Wednesday, May 30, 2012

After just a couple days in Haiti, my heart is melting and it is not because of the heat.  As a nurse practitioner, I was excited about the opportunity to see patients with new and interesting conditions. Yes, I’m certain this sounds crazy to those who do not work in healthcare but to me these things really are intriguing.  Before the trip, I had done my research and felt prepared in my knowledge and training.  However, after my first day in the clinic, I quickly learned that Haiti (and its people) had a lot to teach me. 

The very first patient I saw had injured her leg in a motorcycle accident.  Although her wound was extensive, she allowed me to cleanse and dress the area without any complaints of pain.  She was grateful for the help.  I continued to work and continued to learn. With the limited resources, we had to ration the medications and other supplies. Although, I wish we could have done more i truly believe we are making a difference in the lives of these people. 

I am grateful for this opportunity and am excited about the rest of my time here. Thank you, Haiti, for melting my heart!! 

Ginger McDaniel, APRN

Mt. Sterling, KY

Thursday, May 24, 2012

Eastern Kentucky Comes to Haiti

After months of preparation we were very excited to bring God's love to the children of Haiti. We knew that God was going to do great things when our 8 hour flight down turned into 14 hours. We FINALLY made it to Children's lifeline and have been working hard ever since. So far, we have visited 4 orphanages and helped at a feeding station, where we assisted in feeding almost 500 children. So far we have told the story of the creation and of Noah. Two things have really impacted us so far. The first real experience we had with children of Haiti was being greeted by a class full of preschool children singing This is The Day That the Lord has Made. It was so beautiful to hear children so small be able to sing about rejoicing in the Lord and truly mean it. One of the orphanages that we visited also serenaded us with one of our all time favorites, Oh How I Love Jesus, in English. It was so beautiful to hear the love for Jesus in the way that the children sang.It was definitely something we will carry with us forever.
The other thing that has really stuck with us so far is the shoes that the children in the orphanages wear. We take shoes for granted because even if we do not have very much money, we can always find shoes to wear that match. One little girl today that simply broke my heart had on two sandals that were not only mismatched but were also two left shoes. It is so humbling to think about how much we have that we take for granted and these children have so little and are so very thankful.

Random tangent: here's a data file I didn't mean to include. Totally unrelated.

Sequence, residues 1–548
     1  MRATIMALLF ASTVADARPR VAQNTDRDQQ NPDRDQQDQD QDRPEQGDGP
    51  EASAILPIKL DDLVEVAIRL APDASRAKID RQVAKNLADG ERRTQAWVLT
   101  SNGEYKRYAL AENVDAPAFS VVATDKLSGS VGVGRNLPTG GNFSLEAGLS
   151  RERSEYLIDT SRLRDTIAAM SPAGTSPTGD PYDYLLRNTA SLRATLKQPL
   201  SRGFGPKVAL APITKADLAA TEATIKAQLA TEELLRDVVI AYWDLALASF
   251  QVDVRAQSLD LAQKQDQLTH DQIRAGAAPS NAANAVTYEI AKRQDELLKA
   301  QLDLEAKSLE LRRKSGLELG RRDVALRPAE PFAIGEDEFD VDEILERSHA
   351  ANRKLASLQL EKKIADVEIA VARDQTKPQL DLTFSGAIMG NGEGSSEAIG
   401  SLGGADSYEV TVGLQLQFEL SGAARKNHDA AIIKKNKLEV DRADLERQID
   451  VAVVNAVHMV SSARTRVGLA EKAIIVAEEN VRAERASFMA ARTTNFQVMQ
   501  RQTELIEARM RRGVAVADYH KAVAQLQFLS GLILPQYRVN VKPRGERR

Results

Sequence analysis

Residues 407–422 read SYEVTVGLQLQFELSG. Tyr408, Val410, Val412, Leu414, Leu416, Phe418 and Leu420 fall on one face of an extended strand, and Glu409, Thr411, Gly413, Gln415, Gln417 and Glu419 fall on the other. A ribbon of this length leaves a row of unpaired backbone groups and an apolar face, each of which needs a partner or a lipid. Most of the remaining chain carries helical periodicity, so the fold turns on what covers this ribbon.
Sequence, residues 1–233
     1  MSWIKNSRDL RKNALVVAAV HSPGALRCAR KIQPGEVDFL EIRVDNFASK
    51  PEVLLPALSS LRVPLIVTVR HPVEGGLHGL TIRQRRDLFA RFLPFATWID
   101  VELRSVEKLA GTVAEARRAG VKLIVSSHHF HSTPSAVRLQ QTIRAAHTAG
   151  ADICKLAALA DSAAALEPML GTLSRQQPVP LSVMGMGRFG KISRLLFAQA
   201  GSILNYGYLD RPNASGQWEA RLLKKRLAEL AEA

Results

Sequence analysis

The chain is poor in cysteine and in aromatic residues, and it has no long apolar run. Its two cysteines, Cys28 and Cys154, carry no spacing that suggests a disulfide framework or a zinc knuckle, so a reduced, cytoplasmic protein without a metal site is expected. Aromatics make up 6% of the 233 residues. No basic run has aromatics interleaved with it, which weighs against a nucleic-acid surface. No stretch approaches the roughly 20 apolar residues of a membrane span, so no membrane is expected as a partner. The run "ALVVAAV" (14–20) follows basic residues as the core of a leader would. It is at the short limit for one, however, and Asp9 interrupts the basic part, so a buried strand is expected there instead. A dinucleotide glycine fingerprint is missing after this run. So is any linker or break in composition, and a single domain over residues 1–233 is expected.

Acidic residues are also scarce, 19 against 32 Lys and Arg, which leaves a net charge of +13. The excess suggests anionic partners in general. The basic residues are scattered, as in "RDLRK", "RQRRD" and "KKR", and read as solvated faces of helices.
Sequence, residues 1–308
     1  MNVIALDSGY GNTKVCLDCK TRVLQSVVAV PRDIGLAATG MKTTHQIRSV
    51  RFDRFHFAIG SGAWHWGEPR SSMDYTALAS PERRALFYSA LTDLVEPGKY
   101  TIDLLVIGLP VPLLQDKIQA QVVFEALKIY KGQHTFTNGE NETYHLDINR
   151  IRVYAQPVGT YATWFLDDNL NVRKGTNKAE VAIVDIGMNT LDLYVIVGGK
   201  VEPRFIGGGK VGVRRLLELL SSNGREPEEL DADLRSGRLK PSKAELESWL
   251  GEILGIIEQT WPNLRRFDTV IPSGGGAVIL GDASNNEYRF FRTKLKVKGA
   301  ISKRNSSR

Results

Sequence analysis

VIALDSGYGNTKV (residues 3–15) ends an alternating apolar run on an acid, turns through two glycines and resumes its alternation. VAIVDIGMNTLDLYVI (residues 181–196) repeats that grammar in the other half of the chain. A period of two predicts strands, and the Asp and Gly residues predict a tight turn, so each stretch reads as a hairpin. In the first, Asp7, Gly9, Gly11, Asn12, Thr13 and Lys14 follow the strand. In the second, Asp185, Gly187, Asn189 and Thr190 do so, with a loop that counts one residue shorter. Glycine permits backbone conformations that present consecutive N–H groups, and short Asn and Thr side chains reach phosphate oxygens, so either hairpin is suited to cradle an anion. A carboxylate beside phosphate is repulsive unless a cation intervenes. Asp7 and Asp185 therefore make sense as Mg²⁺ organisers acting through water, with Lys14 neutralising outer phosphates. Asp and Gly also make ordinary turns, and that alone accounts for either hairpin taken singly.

Friday, May 18, 2012

Bees at Lifeline

We now have bees at Lifeline!  We will be able to package the honey and sell it.  For now we are eating it!  Yum!   We have planted MANY more trees that will provide more pollen for our bees.

Our "Bee Man"- Cayil with Minold (who also has bees at his house) and Marcson with the bee frames.

Smoke to put the bees to sleep.

Bee boxes in our back field.

Cayil tearing cardboard to burn for the bee smoker.

Monday, May 14, 2012

The Least of These

Ministry to the sick

 This woman lost her baby and tested positive for TB so we took her to a TB center where she will receive treatment until she is well enough to go home. 
 This girl came to us with a very bad rash on her leg.
 The rash was not cleared so we took her to a dermatologist and hope the new medication will work.
 This young boy was hit in the face with a rock while playing with friends.  We cleaned him up and took him to get stitches. 
Baby Kevens was sick today but he tested negative for Malaria which we are now able to test for at our clinic lab.

Thursday, May 10, 2012

The Longest Day

We woke to rain on the tin roof and thunder rumbling in the distance.  It was 3 am and we gathered our gear, meds, and selves to load into three trucks for the two hour drive down the mountain and the ferry below to return to the mainland of Haiti.  The past three days have been spent on the island of La Gonave, in the town of Mapou.  Pastor Benny Guerrier and his wife, Dominique, hosted our group for three evenings.  The village is remote and life is challenging, particularly with respect to water.  They were gracious hosts and skillfully managed the logistics of organizing the church for two days of clinics.  We saw over 400 people in those two days and touched the lives of young children and elderly alike with malnutrition and infection, young pregnant women,and older folks with hypertension and other chronic illness.  Lack of access to clean water and inadequate nutrition are some of the biggest challenges facing this community.  Pastor Benny is working to bring these resources to his community through education, harvesting and storing rainwater and spreading his faith and message of hope to the village of his birth.

The sunrise was enjoyed on the dock of the daily 7am ferry on our return to the main island of Haiti.  After a beautiful journey back, we had a quick cleanup, checked in with families and friends at home and were off to Escole Congreganiste St. Francis de Sales for a full day of clinic for local school children, both sick and well, and many parents.  General health education, infection, malnutrition, the stress headache of a 10 year old boy brought on by the continued uncertainties of life post earthquake and the common maladies of adults were all part of the day's experience.

Tomorrow we rise early to provide services for the children of a Govaines orphanage Children's Lifeline has served for several years and check in on the progress seen in the care of these beautiful, hopeful  young people.